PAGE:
Love Saves the Day employee says he's "tired of hearing customers tell him how upset they are about it." Take an almost-last peek inside this popular and beloved shop. [Gothamist]

Revisit the old EV with What About Me. [EVG]

Send the Coney rocket some love. [Curbed]

Times are tough, unemployment's up, but the folks in LaBarge are looking to staff the old Moondance Diner. Maybe all those out-of-work Wall Streeters should go west and "Join Team Moondance!" [Moondance]

The building where Magic Shoes magically keeps going out of business, again and again, might really be falling this time. Can the next-door Pizza Box be far behind? [Curbed]

And another kitsch shop to shutter: Mr. Pink on W. 16th is closing. This was rumored in 2007, announced to vanish in June by Racked, but with the For Rent and Closing Sale signs now it looks like it's really, really done:

Antique Row

With the announcement of yet another village antique shop closing I figured it's time to put this post together. Shophound (via Racked) notes that Kyner Antiques at 827 Broadway is shuttering, with the rent going for $65,000 per month. (The neighboring Lions has also fallen, now covered in graffiti.) The blogger asks if antiques are disappearing from Broadway. The answer is yes.

And whatever virus is killing them has long been spreading around the corner to 11th Street. For months, the shops there have been falling like dominoes.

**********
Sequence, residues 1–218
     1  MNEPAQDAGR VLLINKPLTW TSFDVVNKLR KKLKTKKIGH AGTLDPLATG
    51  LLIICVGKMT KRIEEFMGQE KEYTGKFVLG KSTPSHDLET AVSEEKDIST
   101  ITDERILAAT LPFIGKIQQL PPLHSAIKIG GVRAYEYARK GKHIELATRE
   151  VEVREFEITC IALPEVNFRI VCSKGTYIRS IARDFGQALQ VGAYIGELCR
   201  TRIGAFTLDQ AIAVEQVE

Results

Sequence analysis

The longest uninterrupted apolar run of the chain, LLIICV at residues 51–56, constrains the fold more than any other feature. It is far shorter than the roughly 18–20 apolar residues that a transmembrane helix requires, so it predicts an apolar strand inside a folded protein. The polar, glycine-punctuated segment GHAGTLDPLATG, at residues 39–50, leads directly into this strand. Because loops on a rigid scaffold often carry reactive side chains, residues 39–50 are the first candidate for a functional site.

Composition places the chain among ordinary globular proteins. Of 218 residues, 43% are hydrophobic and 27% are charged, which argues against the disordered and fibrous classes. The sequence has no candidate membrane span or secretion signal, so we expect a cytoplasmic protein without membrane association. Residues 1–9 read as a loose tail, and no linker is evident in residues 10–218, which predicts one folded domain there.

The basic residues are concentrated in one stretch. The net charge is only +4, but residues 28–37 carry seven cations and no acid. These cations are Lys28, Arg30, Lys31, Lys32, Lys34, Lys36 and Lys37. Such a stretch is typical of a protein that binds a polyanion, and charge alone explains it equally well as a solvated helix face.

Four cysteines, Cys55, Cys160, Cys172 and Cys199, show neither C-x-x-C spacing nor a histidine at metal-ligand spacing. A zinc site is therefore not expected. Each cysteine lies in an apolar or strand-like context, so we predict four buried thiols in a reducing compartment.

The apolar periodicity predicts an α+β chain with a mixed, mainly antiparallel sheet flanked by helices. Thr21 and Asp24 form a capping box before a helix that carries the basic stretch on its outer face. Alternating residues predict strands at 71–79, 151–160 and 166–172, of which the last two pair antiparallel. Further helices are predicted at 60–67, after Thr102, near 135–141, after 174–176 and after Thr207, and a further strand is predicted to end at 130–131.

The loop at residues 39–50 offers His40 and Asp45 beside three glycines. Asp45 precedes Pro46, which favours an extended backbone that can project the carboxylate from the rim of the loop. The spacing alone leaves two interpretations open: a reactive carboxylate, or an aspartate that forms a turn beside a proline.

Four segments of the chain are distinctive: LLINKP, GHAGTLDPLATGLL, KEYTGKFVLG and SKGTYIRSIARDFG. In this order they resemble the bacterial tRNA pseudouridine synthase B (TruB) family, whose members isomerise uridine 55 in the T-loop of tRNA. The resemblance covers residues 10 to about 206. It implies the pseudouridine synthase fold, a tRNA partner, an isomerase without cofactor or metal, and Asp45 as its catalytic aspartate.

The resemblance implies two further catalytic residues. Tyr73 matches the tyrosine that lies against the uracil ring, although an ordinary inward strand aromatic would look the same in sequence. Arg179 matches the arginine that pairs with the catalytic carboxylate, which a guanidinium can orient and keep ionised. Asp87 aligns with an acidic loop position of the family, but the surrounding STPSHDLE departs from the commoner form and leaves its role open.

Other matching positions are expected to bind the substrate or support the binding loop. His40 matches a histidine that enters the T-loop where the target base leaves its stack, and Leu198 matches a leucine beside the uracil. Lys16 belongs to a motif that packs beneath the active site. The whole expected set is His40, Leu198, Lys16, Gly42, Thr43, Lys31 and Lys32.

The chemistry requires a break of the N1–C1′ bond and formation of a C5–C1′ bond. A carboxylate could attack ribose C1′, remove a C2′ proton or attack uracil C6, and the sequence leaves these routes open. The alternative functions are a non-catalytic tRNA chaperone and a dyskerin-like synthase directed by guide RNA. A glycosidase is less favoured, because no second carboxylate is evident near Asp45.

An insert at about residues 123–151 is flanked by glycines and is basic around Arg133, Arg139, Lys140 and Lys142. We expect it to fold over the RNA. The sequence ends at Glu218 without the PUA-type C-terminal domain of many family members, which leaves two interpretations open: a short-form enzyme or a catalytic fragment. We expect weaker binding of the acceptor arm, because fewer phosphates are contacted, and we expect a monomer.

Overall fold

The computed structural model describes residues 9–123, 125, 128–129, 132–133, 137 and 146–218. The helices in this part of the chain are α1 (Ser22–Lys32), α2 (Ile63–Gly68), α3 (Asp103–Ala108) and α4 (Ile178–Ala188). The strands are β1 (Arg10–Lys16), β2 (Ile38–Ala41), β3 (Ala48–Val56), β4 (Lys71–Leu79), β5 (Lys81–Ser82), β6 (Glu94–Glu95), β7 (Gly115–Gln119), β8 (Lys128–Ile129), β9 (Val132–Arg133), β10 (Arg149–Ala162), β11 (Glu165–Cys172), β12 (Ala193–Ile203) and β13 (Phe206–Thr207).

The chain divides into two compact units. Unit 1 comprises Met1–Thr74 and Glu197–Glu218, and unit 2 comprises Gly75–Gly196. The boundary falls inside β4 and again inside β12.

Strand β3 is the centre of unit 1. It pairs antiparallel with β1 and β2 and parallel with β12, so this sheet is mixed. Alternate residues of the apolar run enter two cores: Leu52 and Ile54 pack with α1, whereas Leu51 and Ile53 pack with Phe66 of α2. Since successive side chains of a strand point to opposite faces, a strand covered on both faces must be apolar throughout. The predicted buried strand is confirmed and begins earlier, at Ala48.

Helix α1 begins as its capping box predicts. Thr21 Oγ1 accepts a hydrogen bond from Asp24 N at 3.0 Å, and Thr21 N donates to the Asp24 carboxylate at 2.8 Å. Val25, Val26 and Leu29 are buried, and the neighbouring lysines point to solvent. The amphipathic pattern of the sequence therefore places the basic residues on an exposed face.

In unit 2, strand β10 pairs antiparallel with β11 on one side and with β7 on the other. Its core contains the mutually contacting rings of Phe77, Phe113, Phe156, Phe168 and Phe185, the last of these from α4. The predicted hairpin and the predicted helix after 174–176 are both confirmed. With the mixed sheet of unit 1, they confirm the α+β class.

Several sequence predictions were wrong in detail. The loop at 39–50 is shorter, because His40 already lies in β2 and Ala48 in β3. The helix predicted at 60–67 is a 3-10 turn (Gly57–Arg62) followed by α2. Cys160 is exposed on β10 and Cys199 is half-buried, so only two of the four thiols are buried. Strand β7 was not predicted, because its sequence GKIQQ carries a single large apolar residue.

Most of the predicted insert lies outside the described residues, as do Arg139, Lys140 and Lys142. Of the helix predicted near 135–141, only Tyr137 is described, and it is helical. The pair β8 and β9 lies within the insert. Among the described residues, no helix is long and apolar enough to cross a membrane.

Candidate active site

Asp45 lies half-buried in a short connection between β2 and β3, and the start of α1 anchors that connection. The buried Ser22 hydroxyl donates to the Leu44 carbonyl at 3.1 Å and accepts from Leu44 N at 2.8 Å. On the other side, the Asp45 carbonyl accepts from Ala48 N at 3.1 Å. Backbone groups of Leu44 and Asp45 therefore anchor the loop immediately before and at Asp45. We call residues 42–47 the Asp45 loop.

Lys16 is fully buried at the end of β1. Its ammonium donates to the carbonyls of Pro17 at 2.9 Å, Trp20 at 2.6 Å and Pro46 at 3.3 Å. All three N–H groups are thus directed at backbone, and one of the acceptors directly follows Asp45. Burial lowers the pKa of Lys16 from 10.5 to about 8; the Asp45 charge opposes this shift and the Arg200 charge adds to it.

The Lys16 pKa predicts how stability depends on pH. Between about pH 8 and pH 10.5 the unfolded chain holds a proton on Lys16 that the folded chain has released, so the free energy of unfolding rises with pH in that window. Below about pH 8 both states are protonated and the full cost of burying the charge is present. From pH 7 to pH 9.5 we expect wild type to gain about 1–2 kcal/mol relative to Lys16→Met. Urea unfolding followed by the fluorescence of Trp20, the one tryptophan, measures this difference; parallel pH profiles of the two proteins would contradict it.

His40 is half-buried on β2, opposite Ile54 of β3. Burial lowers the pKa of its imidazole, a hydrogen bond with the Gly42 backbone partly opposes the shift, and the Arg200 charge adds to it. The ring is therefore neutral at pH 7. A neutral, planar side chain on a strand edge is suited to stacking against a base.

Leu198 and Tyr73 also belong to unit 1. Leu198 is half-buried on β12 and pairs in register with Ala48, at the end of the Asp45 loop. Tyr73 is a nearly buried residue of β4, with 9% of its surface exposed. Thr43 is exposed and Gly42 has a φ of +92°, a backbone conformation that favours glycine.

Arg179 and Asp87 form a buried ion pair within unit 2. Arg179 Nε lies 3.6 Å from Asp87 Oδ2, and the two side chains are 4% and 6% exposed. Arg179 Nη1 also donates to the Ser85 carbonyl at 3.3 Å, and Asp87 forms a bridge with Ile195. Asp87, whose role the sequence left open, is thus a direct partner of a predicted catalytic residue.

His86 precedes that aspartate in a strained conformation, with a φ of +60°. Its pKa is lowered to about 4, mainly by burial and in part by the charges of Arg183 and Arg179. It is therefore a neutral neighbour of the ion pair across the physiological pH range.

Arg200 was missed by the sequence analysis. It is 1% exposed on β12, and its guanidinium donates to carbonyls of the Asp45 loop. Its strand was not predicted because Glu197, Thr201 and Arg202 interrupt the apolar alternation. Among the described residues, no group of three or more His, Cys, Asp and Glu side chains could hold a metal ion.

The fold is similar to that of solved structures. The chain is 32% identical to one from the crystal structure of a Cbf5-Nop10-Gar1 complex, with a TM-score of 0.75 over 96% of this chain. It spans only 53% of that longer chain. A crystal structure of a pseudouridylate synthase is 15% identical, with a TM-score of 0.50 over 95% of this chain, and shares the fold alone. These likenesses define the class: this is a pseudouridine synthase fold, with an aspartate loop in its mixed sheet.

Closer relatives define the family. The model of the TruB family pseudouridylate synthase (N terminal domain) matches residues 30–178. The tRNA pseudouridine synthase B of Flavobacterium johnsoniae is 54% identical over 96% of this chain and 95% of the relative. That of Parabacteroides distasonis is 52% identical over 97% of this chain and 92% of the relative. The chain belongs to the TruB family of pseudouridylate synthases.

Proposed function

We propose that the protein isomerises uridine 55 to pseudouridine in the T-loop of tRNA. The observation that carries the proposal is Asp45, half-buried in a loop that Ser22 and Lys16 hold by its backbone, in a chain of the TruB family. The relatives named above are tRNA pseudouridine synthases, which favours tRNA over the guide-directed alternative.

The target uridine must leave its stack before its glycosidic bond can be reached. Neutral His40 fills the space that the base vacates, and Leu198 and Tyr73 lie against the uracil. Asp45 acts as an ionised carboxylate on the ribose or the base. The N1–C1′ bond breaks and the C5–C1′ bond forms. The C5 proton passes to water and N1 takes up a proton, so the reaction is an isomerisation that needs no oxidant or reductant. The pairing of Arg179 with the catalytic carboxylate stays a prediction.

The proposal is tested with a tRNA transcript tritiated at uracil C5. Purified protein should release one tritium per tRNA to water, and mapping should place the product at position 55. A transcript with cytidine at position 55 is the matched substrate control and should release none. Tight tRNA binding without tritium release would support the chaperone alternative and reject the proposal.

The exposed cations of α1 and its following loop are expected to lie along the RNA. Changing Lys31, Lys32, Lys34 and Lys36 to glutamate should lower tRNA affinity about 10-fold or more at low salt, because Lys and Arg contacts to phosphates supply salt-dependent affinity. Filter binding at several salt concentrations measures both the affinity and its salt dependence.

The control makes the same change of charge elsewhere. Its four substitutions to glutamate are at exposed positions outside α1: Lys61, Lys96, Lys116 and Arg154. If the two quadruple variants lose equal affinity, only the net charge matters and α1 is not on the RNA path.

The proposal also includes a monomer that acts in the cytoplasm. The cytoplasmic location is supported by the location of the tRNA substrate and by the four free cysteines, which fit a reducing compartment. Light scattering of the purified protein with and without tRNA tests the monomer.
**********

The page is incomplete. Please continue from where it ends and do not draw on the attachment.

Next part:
Walk down 11th between Broadway and University and you walk a gauntlet of defunct shops, empty windows, For Lease and We've Moved signs. Paramount Antiques. Big Apple Antiques. While the big Broadway shops are turning into condo sales offices, the storefronts on 11th are being transformed into yoga stores and boutiques that sell clothing for dogs.

A few months ago I asked one of the shopkeepers, a grizzled man who has long intrigued and intimidated me, what he thought was happening there. My question offended him. "When was the last time you bought?" he asked. I told him I don't buy antiques. He sniffed, indicating that I had my answer. When I inquired further, he barked that I should learn to keep my curiosity to myself.

While I don't buy antiques, that doesn't mean I don't enjoy and value their existence. I like walking that block in the mornings and seeing the shipments coming in. There are still dealers surviving and keeping the street alive.

Through their gorgeous gate, Royal Antiques regularly welcomes truckloads of golden chairs with arms made of serpents and crusty chandeliers that look like they came from the ceilings of medieval castles. You never know what you'll see there. You might come upon a life-size stag, its antlers green with verdigris. Or a nude nymph reclining on a chaise lounge, her bronze breasts gleaming in the sun.

With Antique Row vanishing, soon these unusual treasures will all be gone, replaced by doggie sweaters and yoga mats. I probably won't be buying them either.

All my Antique Row pics here